The influence of the sheet thickness on the required forming forces is shown in Fig. 18.
Fig. 18

Effect of initial sheet thickness on process force

Maximum process forces in forward extrusion are reduced by around 43%, from 4352 kN (1 mm) to 2486 kN (3 mm). Decreasing material flow into the cavities results in lower material deformation and consequently reduced process forces. In contrast, forces in lateral extrusion are increased by around 45% from 932 kN to 1348 kN. The reason is the process-specific characteristics of a change in sheet thickness. This causes a larger material cross-section to be plasticized (Fig. 9), which requires higher forming forces.

Workpiece side: Number of teeth

The geometry of a workpiece has a major impact on the forming process [28]. The effect of changes in the number of teeth on tool filling is illustrated in Fig. 19.
Fig. 19

Influence of tooth number on die filling

In the interval of the examined number of teeth no noticeable changes occur in forward extrusion. Accordingly no effect can be stated in lateral extrusion. With the segmental increase, the ratio of functional element volume to workpiece bottom volume is not substantially changed. Thus the flow and sliding paths are not altered and the die filling remains almost unaffected.

In addition to the attainable die filling, knowledge of the cavity loads is essential for process understanding [23] (Fig. 20).
Fig. 20

Effect of tooth number on tool stress

For forward and lateral extrusion, the tool stress values in the area of the functional elements are not substantially influenced with the increasing number of teeth. The values of the equivalent stresses σE are at a level of around 2300 MPa in forward extrusion and significantly lower in lateral extrusion with around 1400 MPa. This is explained by the unchanged stress situation in the cavities within the variation of the number of teeth.

The effect of different numbers of teeth on the required forming forces is shown in Fig. 21.
Fig. 21

Influence of tooth number on process force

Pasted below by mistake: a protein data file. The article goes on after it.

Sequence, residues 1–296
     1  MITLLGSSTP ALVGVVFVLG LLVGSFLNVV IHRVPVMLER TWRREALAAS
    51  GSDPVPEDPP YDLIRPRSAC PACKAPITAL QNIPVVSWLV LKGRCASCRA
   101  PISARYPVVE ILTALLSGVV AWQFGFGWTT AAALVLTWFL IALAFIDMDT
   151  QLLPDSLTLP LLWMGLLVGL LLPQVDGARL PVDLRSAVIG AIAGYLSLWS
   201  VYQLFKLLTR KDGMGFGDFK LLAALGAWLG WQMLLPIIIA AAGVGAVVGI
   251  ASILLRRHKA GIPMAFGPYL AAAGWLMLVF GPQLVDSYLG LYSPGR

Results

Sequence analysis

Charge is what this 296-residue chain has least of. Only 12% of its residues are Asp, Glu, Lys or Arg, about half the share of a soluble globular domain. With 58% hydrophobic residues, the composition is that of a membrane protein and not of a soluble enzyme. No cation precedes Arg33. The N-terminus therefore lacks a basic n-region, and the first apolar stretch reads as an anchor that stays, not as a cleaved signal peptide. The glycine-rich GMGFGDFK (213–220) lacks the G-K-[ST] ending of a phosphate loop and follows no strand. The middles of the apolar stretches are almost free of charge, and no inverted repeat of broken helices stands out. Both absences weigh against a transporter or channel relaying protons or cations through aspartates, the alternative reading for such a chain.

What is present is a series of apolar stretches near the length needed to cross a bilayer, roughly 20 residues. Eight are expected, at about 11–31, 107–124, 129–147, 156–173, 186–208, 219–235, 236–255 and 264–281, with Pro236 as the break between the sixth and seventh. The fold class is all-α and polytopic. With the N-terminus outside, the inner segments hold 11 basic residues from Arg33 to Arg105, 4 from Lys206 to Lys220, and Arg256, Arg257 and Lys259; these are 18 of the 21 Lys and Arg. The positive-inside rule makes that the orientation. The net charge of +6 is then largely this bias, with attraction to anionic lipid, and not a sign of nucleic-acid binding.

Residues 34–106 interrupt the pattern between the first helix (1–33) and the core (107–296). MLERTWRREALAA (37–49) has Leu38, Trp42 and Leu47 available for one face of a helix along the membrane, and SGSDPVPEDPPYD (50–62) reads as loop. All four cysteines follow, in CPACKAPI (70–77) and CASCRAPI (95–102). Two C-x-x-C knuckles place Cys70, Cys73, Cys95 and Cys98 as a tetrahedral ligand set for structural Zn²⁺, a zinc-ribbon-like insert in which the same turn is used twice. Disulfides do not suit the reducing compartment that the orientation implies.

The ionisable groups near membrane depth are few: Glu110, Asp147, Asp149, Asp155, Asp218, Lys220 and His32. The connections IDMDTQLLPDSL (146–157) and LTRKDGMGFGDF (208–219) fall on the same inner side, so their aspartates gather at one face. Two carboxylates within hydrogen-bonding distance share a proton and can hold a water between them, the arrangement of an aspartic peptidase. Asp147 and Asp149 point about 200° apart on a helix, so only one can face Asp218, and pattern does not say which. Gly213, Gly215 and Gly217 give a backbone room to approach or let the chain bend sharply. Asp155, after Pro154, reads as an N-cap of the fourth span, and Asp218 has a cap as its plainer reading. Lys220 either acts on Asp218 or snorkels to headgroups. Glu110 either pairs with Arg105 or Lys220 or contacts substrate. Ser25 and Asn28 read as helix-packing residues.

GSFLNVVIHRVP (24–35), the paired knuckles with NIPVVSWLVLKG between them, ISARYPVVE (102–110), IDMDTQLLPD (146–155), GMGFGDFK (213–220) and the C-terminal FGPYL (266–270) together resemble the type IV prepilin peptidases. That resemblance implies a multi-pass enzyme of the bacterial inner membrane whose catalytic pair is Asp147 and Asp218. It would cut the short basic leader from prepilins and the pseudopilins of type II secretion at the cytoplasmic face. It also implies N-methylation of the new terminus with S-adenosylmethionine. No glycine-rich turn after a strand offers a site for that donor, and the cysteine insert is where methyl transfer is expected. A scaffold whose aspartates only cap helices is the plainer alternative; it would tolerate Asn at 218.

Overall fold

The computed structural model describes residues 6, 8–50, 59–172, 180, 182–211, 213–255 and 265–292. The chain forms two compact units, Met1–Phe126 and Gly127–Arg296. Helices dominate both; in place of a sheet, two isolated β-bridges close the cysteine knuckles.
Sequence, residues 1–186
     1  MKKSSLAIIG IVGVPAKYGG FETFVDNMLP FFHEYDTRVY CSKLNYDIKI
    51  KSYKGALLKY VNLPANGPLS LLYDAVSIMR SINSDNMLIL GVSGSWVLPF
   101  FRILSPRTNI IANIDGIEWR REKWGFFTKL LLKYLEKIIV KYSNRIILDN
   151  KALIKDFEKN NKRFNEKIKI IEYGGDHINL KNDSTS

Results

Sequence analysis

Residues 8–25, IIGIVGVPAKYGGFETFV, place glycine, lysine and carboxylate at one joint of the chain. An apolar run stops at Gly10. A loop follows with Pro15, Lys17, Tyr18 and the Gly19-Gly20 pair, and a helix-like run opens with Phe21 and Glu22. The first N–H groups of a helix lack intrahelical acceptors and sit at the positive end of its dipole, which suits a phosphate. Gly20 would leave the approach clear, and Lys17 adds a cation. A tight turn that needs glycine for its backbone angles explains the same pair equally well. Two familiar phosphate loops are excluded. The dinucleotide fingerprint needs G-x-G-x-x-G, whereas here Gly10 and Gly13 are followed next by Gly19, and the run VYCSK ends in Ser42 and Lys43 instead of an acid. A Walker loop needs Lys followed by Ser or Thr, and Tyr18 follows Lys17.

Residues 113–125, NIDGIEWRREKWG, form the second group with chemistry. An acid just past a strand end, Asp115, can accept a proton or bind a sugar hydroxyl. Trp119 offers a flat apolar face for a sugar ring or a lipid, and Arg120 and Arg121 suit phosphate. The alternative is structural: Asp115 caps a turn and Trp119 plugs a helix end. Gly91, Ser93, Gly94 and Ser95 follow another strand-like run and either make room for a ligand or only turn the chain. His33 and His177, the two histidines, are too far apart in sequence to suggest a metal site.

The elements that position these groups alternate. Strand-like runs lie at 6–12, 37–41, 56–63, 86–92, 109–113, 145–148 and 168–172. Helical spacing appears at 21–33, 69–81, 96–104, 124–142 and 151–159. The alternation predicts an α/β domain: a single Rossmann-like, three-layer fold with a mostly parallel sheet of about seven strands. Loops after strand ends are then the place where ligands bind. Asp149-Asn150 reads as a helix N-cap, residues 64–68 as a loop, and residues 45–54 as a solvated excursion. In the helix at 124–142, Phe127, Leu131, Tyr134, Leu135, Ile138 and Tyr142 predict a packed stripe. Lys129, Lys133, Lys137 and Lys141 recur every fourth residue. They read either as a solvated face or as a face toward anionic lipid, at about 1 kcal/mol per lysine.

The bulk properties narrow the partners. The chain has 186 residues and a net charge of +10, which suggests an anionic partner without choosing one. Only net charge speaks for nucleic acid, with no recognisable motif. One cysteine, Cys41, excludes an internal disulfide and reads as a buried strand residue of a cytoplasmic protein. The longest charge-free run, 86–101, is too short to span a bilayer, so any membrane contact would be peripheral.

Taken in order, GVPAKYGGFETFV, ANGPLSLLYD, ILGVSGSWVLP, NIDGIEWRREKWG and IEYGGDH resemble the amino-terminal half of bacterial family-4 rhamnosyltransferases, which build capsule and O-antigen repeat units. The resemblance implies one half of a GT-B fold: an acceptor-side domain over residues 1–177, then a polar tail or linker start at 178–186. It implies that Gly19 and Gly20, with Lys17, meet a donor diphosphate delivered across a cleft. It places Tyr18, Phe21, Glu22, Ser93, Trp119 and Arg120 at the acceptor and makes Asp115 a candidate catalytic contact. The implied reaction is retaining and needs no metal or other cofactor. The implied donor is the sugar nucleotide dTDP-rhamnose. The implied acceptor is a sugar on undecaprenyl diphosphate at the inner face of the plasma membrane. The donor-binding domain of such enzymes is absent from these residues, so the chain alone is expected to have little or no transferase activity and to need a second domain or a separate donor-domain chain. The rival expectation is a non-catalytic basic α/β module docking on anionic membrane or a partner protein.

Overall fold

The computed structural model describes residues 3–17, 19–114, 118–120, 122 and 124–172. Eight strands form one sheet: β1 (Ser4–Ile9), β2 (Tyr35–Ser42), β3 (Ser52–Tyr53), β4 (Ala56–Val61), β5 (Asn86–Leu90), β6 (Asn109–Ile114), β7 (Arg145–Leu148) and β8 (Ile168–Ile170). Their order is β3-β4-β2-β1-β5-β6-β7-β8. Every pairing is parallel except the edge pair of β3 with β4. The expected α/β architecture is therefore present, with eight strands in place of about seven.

The part forming in forward extrusion causes an increase in process forces of about 10% from 2546 kN (76 teeth) to about 2800 kN (84 teeth) as the number of teeth rises. In lateral extrusion, the process force is also elevated by 15% as the number of involutes increases. The workpiece size and required forming volume rise proportionally to the number of teeth, which leads to higher process forces. However, the required process force per tooth remains constant, in forward extrusion with around 33 kN compared to lateral extrusion of around 13 kN. This explains that the number of teeth has no influence on the tool load, since the force and thus load level in relation to the number of form elements stays constant.

Workpiece side: Number of carriers

The potential of modern manufacturing processes is decisively determined by increasing functional integration. In order to assess the effect of increasing functional element combinations on the die filling behavior, the influence of the integration of carriers on the process result is presented in Fig. 22.
Fig. 22

Influence of carrier number on die filling

The forming of gears without carriers in forward extrusion results in lower die fillings (VO = 62%) compared to lateral extrusion (VO = 69%). This is due to differing flow paths between the area of functional elements and the workpiece’s center as well as the pre-hardening by deep drawing in the transition from frame to the center. Both prevent unwanted material flow into the center of the workpiece in the lateral extrusion.

By adding a second carrier to the first one, the tooth filling in both processes increases by around 2%. With an increasing number of carriers, the total die filling in forward extrusion is increased by 8% and 2% in lateral extrusion. The tool filling of the carrier rises significantly in lateral extrusion from about 24% to 52%. Due to the integration of carriers, the bottom areas of the functional elements and the die openings are enlarged (Fig. 11), which favors the material flow into the cavities. The carriers have a comparatively low nominal volume. This is the reason for the low influence on the overall die filling despite a significant increase in the carrier forming.